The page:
Some North Side rail commuters are expected to try the express bus routes on North Lake Shore Drive or regular bus routes on major arterial roads, including Clark and Halsted Streets, Lincoln Avenue and Broadway. Shuttle buses will also operate at least initially to take passengers beyond the Fullerton-Belmont area and link them with trains at other stations or regular bus routes, officials said.

VivaLFuego Jan 11, 2007 8:56 PM

I wonder how much it would cost to temporarily remove most of the seats from the railcars (all except for those on the ends, perhaps), to greatly increase capacity on the less-frequent trains.

spyguy Jan 11, 2007 10:20 PM

http://www.suntimes.com/news/metro/2...011107.article

Aldermen: CTA a 'third-world transit system'

January 11, 2007
BY FRAN SPIELMAN
City Hall Reporter

Calling Chicago a world-class city with a “third-world transit system,” a pair of aldermen vowed Thursday to hold City Council hearings into derailments, mechanical breakdowns and daily service delays that have made their constituents’ lives miserable.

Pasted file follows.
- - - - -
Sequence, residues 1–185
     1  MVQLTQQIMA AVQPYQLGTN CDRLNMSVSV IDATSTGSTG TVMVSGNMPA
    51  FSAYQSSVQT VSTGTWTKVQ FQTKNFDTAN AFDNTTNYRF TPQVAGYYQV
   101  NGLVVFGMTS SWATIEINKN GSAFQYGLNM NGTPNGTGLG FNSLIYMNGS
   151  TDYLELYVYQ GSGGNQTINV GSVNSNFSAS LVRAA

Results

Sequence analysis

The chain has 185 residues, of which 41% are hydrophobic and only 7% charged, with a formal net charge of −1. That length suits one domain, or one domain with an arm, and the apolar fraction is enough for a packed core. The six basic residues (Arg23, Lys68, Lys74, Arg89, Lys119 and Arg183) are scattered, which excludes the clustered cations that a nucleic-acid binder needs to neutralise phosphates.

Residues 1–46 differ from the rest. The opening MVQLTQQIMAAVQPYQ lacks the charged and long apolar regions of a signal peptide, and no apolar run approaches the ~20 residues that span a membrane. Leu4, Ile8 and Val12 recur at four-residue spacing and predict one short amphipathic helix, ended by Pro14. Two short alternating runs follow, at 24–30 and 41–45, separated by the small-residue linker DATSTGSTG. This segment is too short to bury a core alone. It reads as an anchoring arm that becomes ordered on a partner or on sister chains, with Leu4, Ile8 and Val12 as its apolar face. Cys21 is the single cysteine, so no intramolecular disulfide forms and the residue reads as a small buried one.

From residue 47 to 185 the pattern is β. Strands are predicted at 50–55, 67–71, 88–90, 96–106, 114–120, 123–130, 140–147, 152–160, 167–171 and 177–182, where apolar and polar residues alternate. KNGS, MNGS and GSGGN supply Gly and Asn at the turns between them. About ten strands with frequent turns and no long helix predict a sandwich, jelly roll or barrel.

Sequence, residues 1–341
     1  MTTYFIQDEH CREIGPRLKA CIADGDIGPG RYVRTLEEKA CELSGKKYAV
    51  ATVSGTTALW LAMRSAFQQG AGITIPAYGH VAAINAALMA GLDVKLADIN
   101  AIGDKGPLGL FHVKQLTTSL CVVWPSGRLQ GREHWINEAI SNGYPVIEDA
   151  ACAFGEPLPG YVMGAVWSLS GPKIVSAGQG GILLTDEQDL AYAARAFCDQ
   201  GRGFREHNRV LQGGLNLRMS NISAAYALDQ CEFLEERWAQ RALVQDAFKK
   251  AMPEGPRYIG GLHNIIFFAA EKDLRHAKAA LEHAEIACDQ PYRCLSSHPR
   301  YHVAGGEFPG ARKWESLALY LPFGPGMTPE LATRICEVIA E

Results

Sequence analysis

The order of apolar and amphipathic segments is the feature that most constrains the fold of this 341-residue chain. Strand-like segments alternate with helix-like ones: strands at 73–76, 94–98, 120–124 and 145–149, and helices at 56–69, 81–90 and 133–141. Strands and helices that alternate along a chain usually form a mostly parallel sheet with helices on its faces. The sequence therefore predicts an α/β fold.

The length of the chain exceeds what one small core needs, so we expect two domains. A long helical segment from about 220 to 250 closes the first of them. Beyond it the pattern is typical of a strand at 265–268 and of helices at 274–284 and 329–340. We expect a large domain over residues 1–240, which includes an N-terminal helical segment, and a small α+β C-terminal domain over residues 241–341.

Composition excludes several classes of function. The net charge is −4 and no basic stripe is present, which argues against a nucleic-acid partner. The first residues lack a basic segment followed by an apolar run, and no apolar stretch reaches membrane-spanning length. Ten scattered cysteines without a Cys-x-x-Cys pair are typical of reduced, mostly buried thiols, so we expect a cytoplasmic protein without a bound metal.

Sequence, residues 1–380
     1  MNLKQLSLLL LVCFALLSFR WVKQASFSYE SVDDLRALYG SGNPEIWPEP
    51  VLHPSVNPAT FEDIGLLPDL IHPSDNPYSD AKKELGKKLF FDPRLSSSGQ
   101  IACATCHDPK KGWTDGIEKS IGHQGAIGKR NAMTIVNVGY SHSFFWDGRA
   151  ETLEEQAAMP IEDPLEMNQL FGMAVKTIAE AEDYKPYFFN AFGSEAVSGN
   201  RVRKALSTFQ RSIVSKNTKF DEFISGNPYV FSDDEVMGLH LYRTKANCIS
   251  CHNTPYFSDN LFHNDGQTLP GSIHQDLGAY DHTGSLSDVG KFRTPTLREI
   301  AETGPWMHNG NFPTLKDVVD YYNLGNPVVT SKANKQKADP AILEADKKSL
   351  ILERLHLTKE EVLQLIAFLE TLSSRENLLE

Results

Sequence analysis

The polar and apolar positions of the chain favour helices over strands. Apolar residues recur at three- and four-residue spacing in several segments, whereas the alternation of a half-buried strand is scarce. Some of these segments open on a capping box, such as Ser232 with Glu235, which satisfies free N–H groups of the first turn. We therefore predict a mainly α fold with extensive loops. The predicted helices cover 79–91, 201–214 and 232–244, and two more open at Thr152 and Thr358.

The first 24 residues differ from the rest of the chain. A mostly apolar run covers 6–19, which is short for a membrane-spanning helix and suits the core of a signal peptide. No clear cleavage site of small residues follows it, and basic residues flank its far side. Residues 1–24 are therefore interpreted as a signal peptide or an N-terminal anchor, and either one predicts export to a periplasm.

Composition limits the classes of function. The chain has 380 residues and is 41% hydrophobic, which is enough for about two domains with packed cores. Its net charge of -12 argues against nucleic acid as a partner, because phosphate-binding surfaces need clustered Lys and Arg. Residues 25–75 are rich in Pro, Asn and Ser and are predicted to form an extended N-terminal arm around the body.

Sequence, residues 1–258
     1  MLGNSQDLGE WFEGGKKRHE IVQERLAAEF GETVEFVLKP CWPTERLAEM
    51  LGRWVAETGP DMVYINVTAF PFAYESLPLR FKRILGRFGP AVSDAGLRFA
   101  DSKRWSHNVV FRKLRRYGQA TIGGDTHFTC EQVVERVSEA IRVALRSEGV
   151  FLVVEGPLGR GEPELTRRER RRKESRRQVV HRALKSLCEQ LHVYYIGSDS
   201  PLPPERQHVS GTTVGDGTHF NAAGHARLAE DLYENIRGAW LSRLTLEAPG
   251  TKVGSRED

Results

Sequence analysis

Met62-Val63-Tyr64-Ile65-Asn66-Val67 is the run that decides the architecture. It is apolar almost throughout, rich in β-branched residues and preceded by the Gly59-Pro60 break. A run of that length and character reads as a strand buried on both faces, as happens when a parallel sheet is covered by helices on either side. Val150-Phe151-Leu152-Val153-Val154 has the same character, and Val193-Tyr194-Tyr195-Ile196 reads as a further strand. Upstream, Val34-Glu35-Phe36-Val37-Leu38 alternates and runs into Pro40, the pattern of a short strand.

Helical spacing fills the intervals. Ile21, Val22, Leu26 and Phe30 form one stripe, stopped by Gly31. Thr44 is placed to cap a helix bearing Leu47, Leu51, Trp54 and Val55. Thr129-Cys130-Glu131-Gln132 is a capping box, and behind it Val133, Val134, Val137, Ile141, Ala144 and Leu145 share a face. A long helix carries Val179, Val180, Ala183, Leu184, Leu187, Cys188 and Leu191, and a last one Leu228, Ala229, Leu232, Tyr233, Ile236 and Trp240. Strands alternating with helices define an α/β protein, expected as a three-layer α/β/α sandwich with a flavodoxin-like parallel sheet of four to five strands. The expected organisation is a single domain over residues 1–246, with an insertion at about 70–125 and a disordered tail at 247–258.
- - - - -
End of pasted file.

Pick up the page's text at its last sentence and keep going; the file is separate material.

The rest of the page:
Aldermen Ricardo Munoz (22nd) and Joe Moore (49th) are accusing CTA President Frank Kruesi of “gross incompetence” even before capacity cuts of up to 25 percent slated to begin April 2 and continue for two years. Cuts are tied to the next phase of Brown Line reconstruction.

They’re upset about the Blue Line derailment last summer, the Red Line evacuation in November and about countless other service delays that never made headlines.